Remember that game M.A.S.H.? The one you played as a kid to find out whom you’d marry, what kind of car you’d drive, and whether you’d end up in a Mansion, Apartment, Shack, or House?
Everyone wanted to live in a mansion on the beach with a fast whip, of course, which may help explain why the average American house has ballooned from about 1,500 square feet in the 1970s to more than 2,500 today.
But not everyone thinks bigger is better. Across the U.S., tiny houses — both permanent and mobile, on the grid and off — are becoming popular.
These aren’t the hippie shacks and pop-up campers of yesteryear — they’re design-savvy dwellings that just so happen to be under 1,000 square feet and oftentimes much less. Some major cities have begun to allow supersmall apartments (under 400 square feet).
Think you’re ready to downsize? No need to wait for a game of fortune to live out your dream scenario. You can even nail down whom you’ll marry (always a fun part of M.A.S.H.). No, seriously: the small-space movement has even spawned a tiny dating site.
Once you’ve decided to take the leap, follow the eight tips below to start micromanaging your future tiny life!
1. Prioritize your goals
If going micro appeals to you, the first step is to establish why. Common motives include living more efficiently, debt-free, in better neighborhoods, and generally to have more freedom. (Bonus: These minispaces are a breeze to clean.)
So what’s your reason? Did your dream job come with a pay cut? Want to move to an expensive city? Take time to sort it out; the answer is your foundation for small-size success.
2. Get real about material possessions
Downsizing begins with your stuff, not your home.
“People try to fit their stuff into their space, rather than the other way around,” says David Friedlander, communications director of small-space design consultancy LifeEdited, who lives in a smart 675-square-foot Brooklyn, NY, apartment with his wife and two children. (Check out the photos of his place when it was featured in Dwell.)
You have to be honest regarding “need” versus “want,” including the sentimental stuff. Friedlander, who struggled to let go of family antiques, advises, “You’ve got to pull off the emotional Band-Aid and realize not everything’s coming with you.”
3. Start minimizing now
This is where the going can get tough for newbies. Friedlander recommends starting with the “hamper test.” Go the longest extreme between laundry sessions; whatever’s in the hamper is what you need.
Graham Hill, LifeEdited’s founder, suggests divvying stuff into “yes,” “no,” and “maybe” piles.
“The challenges are the maybes,” he says. “Put those in a box and in six months go back to it. Do you even remember what’s in there? If not, do you really need it?”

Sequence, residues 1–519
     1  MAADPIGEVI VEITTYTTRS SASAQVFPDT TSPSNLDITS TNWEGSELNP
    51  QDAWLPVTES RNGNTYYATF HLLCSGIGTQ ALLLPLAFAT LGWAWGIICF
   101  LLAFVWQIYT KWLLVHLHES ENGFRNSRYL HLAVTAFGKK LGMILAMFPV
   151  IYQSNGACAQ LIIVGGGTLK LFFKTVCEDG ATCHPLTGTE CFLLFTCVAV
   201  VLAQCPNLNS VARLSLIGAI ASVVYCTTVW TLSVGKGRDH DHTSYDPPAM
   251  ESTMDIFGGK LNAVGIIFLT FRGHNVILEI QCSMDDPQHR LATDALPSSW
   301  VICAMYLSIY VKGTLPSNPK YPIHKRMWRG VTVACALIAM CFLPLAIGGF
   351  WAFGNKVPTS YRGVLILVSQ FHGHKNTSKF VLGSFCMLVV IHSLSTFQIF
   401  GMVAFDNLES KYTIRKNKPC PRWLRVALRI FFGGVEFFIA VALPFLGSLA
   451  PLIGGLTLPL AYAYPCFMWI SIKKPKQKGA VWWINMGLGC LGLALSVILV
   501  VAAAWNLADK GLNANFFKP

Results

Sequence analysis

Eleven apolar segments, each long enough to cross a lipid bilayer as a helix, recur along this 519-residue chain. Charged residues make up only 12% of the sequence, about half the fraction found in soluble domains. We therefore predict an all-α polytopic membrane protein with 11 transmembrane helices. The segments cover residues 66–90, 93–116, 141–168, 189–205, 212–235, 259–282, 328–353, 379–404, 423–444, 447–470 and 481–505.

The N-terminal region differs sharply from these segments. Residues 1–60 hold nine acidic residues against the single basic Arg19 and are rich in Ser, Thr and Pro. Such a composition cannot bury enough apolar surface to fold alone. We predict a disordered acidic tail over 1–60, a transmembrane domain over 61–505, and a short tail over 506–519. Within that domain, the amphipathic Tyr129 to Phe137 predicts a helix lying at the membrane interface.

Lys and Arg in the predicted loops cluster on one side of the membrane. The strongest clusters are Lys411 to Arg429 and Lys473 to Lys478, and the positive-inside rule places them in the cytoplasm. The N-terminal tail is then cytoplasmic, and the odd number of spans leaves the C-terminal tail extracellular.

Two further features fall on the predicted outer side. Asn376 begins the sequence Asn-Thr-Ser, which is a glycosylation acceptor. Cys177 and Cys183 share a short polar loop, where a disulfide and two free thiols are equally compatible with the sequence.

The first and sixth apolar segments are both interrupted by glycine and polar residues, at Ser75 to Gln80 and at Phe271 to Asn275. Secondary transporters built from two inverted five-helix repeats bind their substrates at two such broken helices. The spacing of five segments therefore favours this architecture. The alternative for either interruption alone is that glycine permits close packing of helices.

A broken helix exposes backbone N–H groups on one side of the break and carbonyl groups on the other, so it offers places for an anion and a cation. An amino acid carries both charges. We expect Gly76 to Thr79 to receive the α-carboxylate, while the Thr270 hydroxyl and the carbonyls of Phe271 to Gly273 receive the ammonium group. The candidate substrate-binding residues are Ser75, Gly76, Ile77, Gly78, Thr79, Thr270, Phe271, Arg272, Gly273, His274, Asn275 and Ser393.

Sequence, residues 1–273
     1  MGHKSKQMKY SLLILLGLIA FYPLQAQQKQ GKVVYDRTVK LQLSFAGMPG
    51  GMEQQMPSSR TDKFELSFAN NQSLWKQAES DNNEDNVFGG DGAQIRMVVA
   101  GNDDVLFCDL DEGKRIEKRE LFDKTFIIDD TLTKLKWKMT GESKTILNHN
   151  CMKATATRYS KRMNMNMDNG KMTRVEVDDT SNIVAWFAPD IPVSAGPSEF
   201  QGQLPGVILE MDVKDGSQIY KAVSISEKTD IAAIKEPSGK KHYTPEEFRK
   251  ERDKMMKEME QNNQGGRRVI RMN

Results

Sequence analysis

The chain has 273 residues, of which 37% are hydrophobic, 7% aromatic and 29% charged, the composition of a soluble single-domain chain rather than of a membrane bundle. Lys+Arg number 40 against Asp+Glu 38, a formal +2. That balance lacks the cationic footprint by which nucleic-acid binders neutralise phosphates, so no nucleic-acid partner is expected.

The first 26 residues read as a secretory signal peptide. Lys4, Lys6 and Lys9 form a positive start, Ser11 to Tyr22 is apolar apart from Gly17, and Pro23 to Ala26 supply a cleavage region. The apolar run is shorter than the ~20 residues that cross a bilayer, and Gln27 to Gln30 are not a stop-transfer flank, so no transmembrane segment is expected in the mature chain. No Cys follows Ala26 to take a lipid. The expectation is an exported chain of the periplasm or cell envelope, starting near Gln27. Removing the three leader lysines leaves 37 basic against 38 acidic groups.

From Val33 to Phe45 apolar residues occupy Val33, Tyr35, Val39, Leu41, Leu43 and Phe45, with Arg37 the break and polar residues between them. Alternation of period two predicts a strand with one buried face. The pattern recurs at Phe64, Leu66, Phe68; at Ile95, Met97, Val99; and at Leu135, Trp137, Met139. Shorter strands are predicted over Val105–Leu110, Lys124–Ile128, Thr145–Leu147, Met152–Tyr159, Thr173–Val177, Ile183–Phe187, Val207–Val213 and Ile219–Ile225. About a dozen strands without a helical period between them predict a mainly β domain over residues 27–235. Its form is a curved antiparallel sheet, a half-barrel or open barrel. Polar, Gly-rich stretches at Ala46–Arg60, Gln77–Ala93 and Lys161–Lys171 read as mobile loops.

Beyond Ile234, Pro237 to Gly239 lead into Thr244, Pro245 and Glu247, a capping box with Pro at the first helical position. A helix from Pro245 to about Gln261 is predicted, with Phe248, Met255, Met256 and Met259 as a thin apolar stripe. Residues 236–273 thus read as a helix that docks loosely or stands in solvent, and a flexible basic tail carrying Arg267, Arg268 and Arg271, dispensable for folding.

For stuff you rarely use, consider eliminating and renting or borrowing when you need it.
4. Harness your inner OCD
“There should be a place for everything in your house,” posits Hill. In other words, unless you know exactly where you’re going to store something, don’t plan on indulging in retail therapy.
5. Find double-duty solutions (especially the digital kind)
In small spaces, dual-purpose items are king. A Murphy bed that transforms into a desk or an extendable table is an obvious answer, and elegant options do exist.
Technologically, a single device can perform many tasks — your laptop is an entertainment center, your phone a camera, your hard drive a filing cabinet.
Try digitizing those photos, CDs, and tax returns. “If you have faith in the cloud,” adds Griswold, who lives in Bend, OR, “you can store all of your photos on a server in the sky and get rid of your paperwork.”
6. Do the math
Let’s face it: most of us fill up our attics and cabinets with stuff that just sits there. How much is that crap-collecting closet costing you?
“In New York, where cost per square foot can be $1,000, it really adds up,” says Friedlander. “You’re paying for that real estate.”
On the flip side, your heating, cooling, and maintenance costs will be much lower in a minispace; plus, you could use those savings to splurge on extra-luxe furnishings, since you won’t need a lot of them.
7. Take a test run
Before diving into the micro lifestyle, try it on for size. “Outline part of your existing house that’s the size of what you’d move into. Is it going to work?” asks Griswold.
Rent a yurt or a tiny house as a trial. “I’ve seen people jump into it — and then go back — because they didn’t really understand what it would be like to go micro.”
8. Be realistic
“It doesn’t have to be black and white,” says Friedlander. “You don’t have to be micro to be downsized.”
If you’re living in a 5,000-square-foot house, maybe a move to 2,000 square feet feels right. You don’t have to make a radical change right away.
“Seven hundred to 1,100 square feet is probably doable for most people,” says Griswold. “Smaller than that is tough.”
Are you ready for microliving? Share your thoughts in the comments